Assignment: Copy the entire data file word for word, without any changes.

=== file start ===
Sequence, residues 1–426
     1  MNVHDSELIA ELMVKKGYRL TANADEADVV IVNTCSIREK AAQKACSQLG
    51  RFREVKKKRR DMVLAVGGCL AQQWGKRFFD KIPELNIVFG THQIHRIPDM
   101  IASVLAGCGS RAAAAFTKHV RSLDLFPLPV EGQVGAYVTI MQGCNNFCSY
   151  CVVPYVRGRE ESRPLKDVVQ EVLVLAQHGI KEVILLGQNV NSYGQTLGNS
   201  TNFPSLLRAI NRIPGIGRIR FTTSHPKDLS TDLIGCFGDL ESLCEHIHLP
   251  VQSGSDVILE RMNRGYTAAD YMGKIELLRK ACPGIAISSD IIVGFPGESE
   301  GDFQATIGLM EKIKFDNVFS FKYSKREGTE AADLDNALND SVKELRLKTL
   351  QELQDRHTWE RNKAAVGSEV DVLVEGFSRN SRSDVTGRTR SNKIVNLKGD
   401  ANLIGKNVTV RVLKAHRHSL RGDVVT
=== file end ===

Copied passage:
Sequence, residues 1–426
     1  MNVHDSELIA ELMVKKGYRL TANADEADVV IVNTCSIREK AAQKACSQLG
    51  RFREVKKKRR DMVLAVGGCL AQQWGKRFFD KIPELNIVFG THQIHRIPDM
   101  IASVLAGCGS RAAAAFTKHV RSLDLFPLPV EGQVGAYVTI MQGCNNFCSY
   151  CVVPYVRGRE ESRPLKDVVQ EVLVLAQHGI KEVILLGQNV NSYGQTLGNS
   201  TNFPSLLRAI NRIPGIGRIR FTTSHPKDLS TDLIGCFGDL ESLCEHIHLP
   251  VQSGSDVILE RMNRGYTAAD YMGKIELLRK ACPGIAISSD IIVGFPGESE
   301  GDFQATIGLM EKIKFDNVFS FKYSKREGTE AADLDNALND SVKELRLKTL
   351  QELQDRHTWE RNKAAVGSEV DVLVEGFSRN SRSDVTGRTR SNKIVNLKGD
   401  ANLIGKNVTV RVLKAHRHSL RGDVVT